In honor of Black History Month I am reposting this charming story about orphans and an old man. The other day I was out on errands and spied a ‘For Sale/Waterfront’sign . In my neck of the woods that usually means river front and/or marsh land. So I turned around and followed the signs. At the end of the road I found a beautiful home on some acreage. I always like to look at real estate and I am always curious about what ‘water front’ costs. Driving slowly onto the property I began to look for a flyer. Failing that, I slowly rounded their circular driveway heading back out.
I paused at the street as a man, riding a John Deere mower, chased me down and asked if he could show me the house. What luck! I was going to be able to see the beautifully restored plantation house. I never could have imagined the story that awaited me!
It sits on three acres with a six car garage, a guest house, a barn and a doll house. The lawns spill down to a large deck overlooking a tidal creek which feeds out to the Vernon River. The live oak trees are hundreds of years old, spanish moss dripping from every branch. The deck has been built around an oak even to the point of interrupting the hand railing to accommodate an oak branch eighteen inches thick. (it’s a southern thing; we love our live oaks.)
But it was the owners’ story that I wanted to share.
Courtesy of sonofthesouth.net
Dick and Sue bought the working farm and farm house in 1975. Back then, common in those days, the kitchen was outside on a porch so that it wouldn’t add to the summer heat within the house. The house was approximately 1,000 sq. feet compared to its 5,000 sq. ft. now.
Part of the sale was that the new owners must care for a middle-aged black man; the grandson of slaves, for the remainder of his life. That in itself was remarkable but they agreed.
Parker Bell was illiterate, didn’t know how old he was, didn’t know his mother or father’s name. He was raised on a ‘brown farm‘. At first I found little history referring to a ‘brown farm’ but had heard that this is where young children (orphans) were housed after the civil war and into the early 1900’s. I wondered if the name was an acronym in reference to John Brown, the abolitionist?
But thanks to a friend, Lori, who loves this kind of research as much as I do….we found the ‘Brown Farm’ in Savannah, GA., and a census map.
‘Young black children who were orphaned in Savannah from the latter part of the 19th century to 1943 had – for a number of reasons – nowhere to live except Savannah’s penal farm. There the young children were surrounded by such sights as men in shackles laboring in the fields, windows with bars and chain gangs. The kids were not being punished, but it was common practice for them to be taken there.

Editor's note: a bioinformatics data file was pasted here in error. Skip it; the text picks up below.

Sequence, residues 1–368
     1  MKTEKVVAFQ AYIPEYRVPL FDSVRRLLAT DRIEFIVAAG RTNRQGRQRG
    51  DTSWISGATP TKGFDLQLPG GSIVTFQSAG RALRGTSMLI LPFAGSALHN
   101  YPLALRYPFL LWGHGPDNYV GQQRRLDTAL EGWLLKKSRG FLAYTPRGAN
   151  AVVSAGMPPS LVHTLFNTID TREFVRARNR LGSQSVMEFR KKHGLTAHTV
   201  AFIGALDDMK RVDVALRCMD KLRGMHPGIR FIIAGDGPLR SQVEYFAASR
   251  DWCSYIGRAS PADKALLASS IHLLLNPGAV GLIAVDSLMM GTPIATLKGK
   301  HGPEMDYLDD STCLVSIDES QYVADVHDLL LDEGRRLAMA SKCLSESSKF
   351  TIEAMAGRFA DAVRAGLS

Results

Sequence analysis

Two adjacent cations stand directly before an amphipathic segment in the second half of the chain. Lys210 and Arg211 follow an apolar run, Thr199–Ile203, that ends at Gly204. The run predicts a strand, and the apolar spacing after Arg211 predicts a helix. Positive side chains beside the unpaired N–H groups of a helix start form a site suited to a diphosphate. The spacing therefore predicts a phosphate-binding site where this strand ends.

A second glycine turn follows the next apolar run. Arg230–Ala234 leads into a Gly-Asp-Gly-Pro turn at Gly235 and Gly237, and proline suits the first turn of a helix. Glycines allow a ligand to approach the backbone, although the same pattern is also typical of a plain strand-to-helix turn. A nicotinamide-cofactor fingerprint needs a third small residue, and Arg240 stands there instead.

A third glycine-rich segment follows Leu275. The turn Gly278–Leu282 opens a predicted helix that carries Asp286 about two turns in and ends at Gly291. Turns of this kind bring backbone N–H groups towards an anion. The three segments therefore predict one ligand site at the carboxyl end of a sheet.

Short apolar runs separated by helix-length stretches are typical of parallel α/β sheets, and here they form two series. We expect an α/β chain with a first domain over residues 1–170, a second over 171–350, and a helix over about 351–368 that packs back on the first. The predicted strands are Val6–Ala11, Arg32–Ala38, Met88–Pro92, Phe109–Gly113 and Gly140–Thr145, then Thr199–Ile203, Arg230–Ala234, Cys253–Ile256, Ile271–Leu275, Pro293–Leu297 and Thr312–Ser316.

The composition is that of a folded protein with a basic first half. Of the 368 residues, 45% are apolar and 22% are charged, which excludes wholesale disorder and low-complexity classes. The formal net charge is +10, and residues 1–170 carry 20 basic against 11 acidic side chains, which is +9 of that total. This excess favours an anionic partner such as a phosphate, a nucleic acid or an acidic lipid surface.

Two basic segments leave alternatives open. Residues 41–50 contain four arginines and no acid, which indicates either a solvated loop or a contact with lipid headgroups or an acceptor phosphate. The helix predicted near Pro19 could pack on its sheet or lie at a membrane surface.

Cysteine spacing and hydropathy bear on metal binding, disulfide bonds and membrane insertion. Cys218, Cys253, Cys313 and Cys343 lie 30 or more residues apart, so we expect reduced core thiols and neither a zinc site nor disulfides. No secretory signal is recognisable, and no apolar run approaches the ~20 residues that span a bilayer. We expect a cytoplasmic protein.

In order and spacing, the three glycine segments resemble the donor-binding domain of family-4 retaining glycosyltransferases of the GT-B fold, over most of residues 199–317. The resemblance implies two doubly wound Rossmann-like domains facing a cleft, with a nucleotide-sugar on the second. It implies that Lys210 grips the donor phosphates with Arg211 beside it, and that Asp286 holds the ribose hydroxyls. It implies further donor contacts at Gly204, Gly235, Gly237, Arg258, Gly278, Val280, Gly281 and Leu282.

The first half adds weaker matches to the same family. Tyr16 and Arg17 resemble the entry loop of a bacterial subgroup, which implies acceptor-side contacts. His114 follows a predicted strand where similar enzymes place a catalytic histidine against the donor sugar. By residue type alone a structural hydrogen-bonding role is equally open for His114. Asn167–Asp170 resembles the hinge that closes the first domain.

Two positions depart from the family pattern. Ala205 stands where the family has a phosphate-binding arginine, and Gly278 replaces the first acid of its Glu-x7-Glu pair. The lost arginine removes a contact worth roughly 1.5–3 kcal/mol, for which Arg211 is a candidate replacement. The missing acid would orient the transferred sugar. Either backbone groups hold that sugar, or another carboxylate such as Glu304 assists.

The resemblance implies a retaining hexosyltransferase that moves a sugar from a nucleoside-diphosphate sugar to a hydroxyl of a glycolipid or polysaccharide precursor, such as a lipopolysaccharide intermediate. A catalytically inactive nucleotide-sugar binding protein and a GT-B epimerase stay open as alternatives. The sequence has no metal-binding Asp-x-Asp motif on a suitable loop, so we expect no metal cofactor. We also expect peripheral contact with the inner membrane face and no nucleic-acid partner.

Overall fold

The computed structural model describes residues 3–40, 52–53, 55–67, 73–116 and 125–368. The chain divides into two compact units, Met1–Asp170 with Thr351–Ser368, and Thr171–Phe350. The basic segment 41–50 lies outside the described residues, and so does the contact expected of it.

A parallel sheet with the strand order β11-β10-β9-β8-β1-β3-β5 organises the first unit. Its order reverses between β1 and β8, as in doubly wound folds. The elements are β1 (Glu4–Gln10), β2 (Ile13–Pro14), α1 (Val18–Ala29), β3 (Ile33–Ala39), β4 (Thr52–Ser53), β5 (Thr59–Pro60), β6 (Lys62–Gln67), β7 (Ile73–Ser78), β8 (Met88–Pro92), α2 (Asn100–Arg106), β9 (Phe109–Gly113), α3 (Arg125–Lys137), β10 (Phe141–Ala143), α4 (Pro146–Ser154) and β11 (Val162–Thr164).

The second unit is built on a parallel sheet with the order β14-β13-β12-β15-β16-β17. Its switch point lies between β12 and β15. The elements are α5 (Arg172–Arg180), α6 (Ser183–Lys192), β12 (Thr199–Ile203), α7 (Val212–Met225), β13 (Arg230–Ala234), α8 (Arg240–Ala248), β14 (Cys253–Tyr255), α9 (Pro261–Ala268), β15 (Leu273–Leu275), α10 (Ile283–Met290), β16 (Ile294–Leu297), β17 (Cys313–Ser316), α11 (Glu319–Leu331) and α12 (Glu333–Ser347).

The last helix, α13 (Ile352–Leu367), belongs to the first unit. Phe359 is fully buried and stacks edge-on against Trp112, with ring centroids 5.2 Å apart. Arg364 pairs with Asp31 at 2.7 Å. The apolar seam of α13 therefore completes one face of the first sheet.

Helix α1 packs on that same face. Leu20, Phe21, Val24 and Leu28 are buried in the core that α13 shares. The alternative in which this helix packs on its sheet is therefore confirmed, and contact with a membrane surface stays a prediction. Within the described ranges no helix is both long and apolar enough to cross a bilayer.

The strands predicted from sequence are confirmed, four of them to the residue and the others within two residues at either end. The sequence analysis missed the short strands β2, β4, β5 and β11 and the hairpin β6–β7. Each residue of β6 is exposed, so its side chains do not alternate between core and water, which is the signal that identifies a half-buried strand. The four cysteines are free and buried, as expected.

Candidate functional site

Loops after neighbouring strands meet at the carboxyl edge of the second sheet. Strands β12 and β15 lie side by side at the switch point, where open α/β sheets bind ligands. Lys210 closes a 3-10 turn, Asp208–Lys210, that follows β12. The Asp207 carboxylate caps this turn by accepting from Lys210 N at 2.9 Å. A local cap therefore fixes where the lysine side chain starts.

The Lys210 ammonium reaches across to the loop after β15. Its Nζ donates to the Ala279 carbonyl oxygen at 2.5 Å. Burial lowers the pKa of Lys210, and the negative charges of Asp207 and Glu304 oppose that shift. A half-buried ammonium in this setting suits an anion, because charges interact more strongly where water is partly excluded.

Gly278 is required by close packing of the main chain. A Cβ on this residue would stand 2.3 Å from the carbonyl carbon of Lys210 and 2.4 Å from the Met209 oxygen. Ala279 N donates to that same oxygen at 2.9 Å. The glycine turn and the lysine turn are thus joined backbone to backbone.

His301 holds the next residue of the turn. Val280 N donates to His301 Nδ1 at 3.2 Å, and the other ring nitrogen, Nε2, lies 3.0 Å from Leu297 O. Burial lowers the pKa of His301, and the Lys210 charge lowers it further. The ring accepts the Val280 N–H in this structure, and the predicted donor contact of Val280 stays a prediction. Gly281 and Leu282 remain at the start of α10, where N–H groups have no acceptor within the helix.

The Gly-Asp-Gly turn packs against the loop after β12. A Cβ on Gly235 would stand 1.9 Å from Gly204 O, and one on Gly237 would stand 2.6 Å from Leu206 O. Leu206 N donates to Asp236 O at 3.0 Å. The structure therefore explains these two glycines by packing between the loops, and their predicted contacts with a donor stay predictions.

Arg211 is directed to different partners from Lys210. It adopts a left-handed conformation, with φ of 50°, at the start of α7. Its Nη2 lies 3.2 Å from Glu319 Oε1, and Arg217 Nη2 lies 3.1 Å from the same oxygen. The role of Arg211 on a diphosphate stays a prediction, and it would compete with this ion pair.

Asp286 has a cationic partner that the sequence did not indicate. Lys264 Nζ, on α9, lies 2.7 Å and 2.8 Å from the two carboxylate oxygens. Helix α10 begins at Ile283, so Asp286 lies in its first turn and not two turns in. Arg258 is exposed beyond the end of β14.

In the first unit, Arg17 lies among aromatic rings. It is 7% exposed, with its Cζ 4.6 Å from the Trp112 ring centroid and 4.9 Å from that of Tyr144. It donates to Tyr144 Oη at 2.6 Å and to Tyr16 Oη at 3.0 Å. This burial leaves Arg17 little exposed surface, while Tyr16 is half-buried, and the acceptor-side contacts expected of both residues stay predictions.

Savannah Penal Farm
Because there was no orphanage for black children, Chatham County black youth were often placed at the old Brown Farm, a 400 acre county penal farm for convicts (located on Montgomery Crossroad near where Lake Meyer is now) where they remained until they reached legal age. The girls were sent to the Chatham County Protective Home, operated by the Savannah Federation of Colored Women’s Clubs. This practice went on for years, until Greenbriar Children’s Center was established.’ (Courtesy Greenbrier Children’s Center)
Lori’s mother-in-law, Mamie (now 94 years of age) remembers the Brown Farm. She told us, “When I was a young’un, me and a girl was in a fight, and both of us was sent to the Brown Farm. The people in charge there, kept us for thirty days, and we had to wash clothes for the boys that were living there. I believe that old brown farm is where Memorial Hospital is now, just off Waters.”
Census map of the Brown Farm in Savannah
Back to the old man. Parker Bell lived in the guest house and had the run of the property until his death a few years back. The family treated him like a favorite uncle. He didn’t have a social security number and because of his learning disabilities couldn’t work an outside job. But he kept busy cleaning up leaves, mowing grass and helping the children with their horses. Dick and Sue kept their promise and supported Parker Bell, financially his entire life.
Dick told me the delightful story of the night they had a dinner party for twelve. In the middle of the meal, Parker walked into the house and into the candle-lit dining room, proudly holding up a stringer of fish, saying, “Mr. Dickie, I caught us a mess of bass outta that creek.”
My whole adult life I have had my best adventures when I’ve been lost….and today was no exception. To other writers out there? Our stories are all interwoven as human beings. Your new story could be around the next bend in the road.
DON’T MISS UPCOMING BLOGS featuring INTERVIEWS with best-selling AUTHORS!
In addition to my weekly blog I also feature an interview with another author once a month. So come along with me; we shall sneak into these writers’ special places, be a fly on the wall and watch them create! March: Mystery and Western writer, Larry D. Sweazy
To receive my posts sign up for my On the home page, enter your email address. Thanks!